We need a revolution in values, which requires a cultural revolution, which requires a philosophical revolution.


Re: Is democracy really the problem?
February 03, 2008, 01:51:48 AM
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I agree, but therein lies the problem. What is the source? The source is the disunity and attitudes of the smart people with money in this country, because the rest are inert slobs who vote for options that are designed to hide the truth.

We need a revolution in values, which requires a cultural revolution, which requires a philosophical revolution.




How do we accomplish this IRL? We either:

1) Convince those in positions of power of the necessity of adherence to Truth, in which case
 a) They begin operating accordingly
 b) They lose confidence in their ability to lead,
     which in renders the opportunity to:

2) Accept positions of power ourselves. Democracy isn't very hard to figure out. Hitler was voted into office, which set the precent for abolishing democracy through manipulation of its own rules. Of course, Nazism is still populism, and therein lies its failure. Nevertheless, such steps would be necessary to clear the playing field and introduce the sense of Possibility in an otherwise crystallized society. This would be the initial "pruning" stage after which total damage could be assessed and amended accordingly.

3) Work from within parallel institutions. Academia is an excellent place to start, especially since one need to be particularly intelligent to qualify for professorship (no offense to those with such aspirations). Aligning oneself, loosely, to certain advocacy groups might also prove advantageous. Talk to well-intentioned entrepreneurs. These are various people with pieces of the puzzle who will never get it 100%. These are the Vaisya, and they must be handled with the utmost care. Like very stupid animals. If one makes any sudden movements, they'll spiral off into reactionary behavior. But for the most part, they're dedicated to their specialized tasks.


Re: Is democracy really the problem?
February 03, 2008, 01:28:27 PM
I think we need a thought "movement" like the idea of communism, idea of capitalism, idea of anti-monarchism, etc. Something simple and compelling that is a vision of a new society avoiding the failure of the old.

This will occur outside politics, and then be brought into it by the empowered voters demanding it.

That's the only way around the corporate, religious, and Crowdist oligarchy.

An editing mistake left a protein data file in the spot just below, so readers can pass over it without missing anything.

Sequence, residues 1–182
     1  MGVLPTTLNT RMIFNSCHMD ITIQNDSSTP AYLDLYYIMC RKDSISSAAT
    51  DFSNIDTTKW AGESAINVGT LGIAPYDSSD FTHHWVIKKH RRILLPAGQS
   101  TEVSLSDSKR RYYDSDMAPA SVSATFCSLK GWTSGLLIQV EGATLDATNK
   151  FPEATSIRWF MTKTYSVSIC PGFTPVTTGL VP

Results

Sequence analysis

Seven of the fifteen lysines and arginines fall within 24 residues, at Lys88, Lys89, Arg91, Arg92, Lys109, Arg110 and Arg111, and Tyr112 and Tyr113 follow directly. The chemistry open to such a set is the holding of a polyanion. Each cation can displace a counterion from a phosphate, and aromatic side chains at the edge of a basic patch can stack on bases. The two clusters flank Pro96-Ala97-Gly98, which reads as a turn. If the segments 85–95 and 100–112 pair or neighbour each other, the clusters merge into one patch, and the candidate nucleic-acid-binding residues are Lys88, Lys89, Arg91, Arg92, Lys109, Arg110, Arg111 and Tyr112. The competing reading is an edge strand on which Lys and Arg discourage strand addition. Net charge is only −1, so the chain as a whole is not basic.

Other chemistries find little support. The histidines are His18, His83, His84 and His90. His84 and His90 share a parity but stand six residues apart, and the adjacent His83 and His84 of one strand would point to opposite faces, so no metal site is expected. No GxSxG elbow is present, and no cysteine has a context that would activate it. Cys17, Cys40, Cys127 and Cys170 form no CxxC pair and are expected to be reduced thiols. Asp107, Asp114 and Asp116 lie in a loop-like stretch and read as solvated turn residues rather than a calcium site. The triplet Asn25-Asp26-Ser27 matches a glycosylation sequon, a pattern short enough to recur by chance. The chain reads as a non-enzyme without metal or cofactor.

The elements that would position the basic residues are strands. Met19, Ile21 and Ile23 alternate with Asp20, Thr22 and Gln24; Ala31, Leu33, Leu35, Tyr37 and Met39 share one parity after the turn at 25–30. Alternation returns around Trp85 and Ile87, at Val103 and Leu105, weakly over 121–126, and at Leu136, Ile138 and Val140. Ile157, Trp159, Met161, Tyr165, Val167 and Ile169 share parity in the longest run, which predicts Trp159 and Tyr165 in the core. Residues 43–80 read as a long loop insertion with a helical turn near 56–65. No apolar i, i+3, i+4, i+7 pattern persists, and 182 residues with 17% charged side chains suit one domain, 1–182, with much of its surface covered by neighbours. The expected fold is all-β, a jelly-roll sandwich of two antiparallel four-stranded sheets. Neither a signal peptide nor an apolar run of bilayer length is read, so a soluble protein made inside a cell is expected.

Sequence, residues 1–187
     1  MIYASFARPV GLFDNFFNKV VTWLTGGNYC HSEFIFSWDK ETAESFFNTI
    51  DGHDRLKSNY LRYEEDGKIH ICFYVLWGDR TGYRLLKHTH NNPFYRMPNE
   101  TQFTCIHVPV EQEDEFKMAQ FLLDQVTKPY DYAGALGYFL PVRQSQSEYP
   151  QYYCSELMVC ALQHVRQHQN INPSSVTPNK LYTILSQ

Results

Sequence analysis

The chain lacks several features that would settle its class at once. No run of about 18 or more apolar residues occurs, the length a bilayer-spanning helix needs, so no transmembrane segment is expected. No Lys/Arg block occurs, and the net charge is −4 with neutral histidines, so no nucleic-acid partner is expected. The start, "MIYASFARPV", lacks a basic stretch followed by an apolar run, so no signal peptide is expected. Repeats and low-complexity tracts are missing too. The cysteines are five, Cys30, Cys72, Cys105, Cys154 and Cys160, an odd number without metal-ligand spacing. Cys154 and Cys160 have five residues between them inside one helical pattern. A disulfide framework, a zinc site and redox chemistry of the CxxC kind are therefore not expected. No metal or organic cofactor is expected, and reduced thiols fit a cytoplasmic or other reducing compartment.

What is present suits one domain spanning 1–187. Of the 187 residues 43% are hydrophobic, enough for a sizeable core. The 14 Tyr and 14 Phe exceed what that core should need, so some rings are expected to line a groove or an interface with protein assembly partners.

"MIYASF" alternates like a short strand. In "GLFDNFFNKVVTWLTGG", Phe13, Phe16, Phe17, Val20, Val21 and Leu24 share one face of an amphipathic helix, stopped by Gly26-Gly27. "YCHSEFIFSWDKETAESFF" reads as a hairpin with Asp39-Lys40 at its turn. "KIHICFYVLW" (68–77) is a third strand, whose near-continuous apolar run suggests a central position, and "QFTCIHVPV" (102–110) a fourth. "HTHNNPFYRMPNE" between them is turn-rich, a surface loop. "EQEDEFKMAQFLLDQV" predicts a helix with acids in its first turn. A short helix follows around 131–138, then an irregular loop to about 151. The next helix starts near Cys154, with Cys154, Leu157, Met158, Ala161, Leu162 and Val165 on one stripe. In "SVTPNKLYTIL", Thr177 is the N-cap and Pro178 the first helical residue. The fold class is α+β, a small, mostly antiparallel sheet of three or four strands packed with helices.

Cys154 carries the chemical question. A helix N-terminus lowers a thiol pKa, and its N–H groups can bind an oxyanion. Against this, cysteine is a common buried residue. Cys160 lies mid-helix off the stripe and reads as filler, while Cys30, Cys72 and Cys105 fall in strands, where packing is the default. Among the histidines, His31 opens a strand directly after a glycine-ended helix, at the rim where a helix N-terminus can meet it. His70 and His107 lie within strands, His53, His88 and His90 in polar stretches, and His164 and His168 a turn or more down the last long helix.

Re: Is democracy really the problem?
February 04, 2008, 04:07:27 PM
In my oppinion, one of the the main problems is that the human race did not evolve to be a race that spread out through the entire world and lived in mass populations. Anarcho-Primitivism is my ideal form (or lack thereof) of government.

Seeing as how that is next to impossible, though, I would have to say that one thing that could help Democracy out is to spend more money on education and also make people earn their right to vote.

The Schooling process would be made much more difficult. There would be no consequences for dropping out.

The amount of students who drop out because of the higher standards would save the state a lot of resources, and help out with the lofty costs of an education system such as this.

The education/hiring process for teachers would need to be completley revamped. Teachers would need to be individuals who could instill a lust for learning/self understanding/improvement in the children.

Charismatic teachers who knew what the fuck they were talking about and could be proper role models for developing children are of the utmost importance.

Students spend more than one year with their teachers. Rather than just being some random fuck who the students have to put up with for a year, the Teacher becomes a friend and mentor.

I suppose this is somewhat similar to the idea of philosopher-kings, except for the fact that instead of being in a position of power in the classic definition of it, they are in a position to mold the children/young adults into the people who they will someday be.

Sorry if this post made no sense whatsoever, I havent been sleeping much recently. Feel free to tear it apart, though. Criticism is the best way to learn.